Source: Theologico-Political Treatise - Chapter I. of Prophecy

Spinoza's Chapter 1. - on the word spirit and (Deus sive Natura) has neither body or mind (Page 4)

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Spinoza undertakes to explain those passages of Scripture which speak of the Spirit of God. He gives examples of each in quotations from the Bible. His mastery of the Biblical text is evident.

In some places the expression merely means a very strong, dry, and deadly wind... At other times it is used as equivalent to high courage... Any unusual virtue or power is called the Spirit or Virtue of the Lord.

Again, inasmuch as the Bible, in concession to popular ignorance, describes (Deus sive Natura) as having a mind, a heart, emotions - nay, even a body and breath - the expression Spirit of the Lord is used for (Deus sive Natura)'s mind, disposition, emotion, strength, or breath. Lastly, the Spirit of the Lord is used in Scripture to express the emotions of (Deus sive Natura), e.g. His kindness and mercy,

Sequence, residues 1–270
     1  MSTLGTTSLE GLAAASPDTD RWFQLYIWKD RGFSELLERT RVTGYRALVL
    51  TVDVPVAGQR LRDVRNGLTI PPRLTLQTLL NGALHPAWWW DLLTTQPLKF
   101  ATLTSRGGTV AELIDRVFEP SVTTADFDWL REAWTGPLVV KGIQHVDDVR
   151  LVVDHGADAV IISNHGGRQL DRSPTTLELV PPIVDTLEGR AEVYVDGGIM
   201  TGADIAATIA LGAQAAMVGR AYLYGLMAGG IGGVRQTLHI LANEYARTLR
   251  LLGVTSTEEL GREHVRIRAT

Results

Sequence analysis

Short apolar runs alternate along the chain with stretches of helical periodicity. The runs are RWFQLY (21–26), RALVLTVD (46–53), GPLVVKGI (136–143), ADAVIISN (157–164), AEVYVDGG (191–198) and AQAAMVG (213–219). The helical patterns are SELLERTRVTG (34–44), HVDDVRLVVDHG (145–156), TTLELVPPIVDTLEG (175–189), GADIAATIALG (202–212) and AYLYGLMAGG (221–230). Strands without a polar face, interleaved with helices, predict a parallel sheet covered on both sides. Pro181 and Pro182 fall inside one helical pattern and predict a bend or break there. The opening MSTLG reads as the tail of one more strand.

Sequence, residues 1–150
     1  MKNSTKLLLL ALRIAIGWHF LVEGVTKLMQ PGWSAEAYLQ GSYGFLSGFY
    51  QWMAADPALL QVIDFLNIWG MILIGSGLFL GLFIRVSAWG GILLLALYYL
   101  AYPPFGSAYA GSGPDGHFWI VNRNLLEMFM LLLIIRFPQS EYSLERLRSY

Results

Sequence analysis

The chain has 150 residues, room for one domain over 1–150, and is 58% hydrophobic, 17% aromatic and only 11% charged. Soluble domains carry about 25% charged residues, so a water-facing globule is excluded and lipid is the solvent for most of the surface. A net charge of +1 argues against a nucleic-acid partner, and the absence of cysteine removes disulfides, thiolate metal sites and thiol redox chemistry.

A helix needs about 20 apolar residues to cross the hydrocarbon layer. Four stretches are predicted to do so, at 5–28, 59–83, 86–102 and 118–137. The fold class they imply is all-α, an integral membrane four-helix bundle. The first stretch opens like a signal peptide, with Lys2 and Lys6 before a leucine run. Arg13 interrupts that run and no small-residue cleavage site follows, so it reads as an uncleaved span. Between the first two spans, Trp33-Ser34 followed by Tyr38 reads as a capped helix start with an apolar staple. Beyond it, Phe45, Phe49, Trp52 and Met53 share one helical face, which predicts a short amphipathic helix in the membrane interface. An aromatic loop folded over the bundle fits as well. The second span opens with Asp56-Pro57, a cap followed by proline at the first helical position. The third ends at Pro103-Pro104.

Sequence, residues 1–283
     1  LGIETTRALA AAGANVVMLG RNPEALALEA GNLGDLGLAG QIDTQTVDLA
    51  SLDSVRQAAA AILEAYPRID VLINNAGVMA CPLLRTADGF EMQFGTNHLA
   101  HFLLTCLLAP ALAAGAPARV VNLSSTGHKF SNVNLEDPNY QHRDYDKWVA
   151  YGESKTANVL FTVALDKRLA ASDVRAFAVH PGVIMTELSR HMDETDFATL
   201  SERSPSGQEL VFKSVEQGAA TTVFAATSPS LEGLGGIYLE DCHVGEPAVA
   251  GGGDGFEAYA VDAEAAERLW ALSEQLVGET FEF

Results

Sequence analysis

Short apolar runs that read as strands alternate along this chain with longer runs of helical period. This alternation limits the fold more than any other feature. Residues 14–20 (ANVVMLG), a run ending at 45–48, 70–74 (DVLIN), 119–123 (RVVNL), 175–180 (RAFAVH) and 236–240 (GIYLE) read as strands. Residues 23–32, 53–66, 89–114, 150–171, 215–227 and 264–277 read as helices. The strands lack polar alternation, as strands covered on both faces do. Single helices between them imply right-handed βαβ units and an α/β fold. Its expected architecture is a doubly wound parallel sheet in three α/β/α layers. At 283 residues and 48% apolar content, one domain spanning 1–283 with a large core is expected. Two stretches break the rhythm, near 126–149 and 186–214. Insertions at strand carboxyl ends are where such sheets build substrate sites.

Returning, then, to the main object of our discussion...we find that the imagination of the prophets may equally be called the mind of (Deus sive Natura). On our minds also the mind of (Deus sive Natura) and His eternal thoughts are impressed; but this being the same for all men is less taken into account.

Lastly, the prophets were said to possess the Spirit of God because men knew not the cause of prophetic knowledge, and in their wonder referred it with other marvels directly to the Deity, styling it Divine knowledge.


It is ignorance that describes (Deus sive Natura) as having a body or a mind and possessing emotions such as kindness and mercy. Men are also wrong to call prophetic words devine.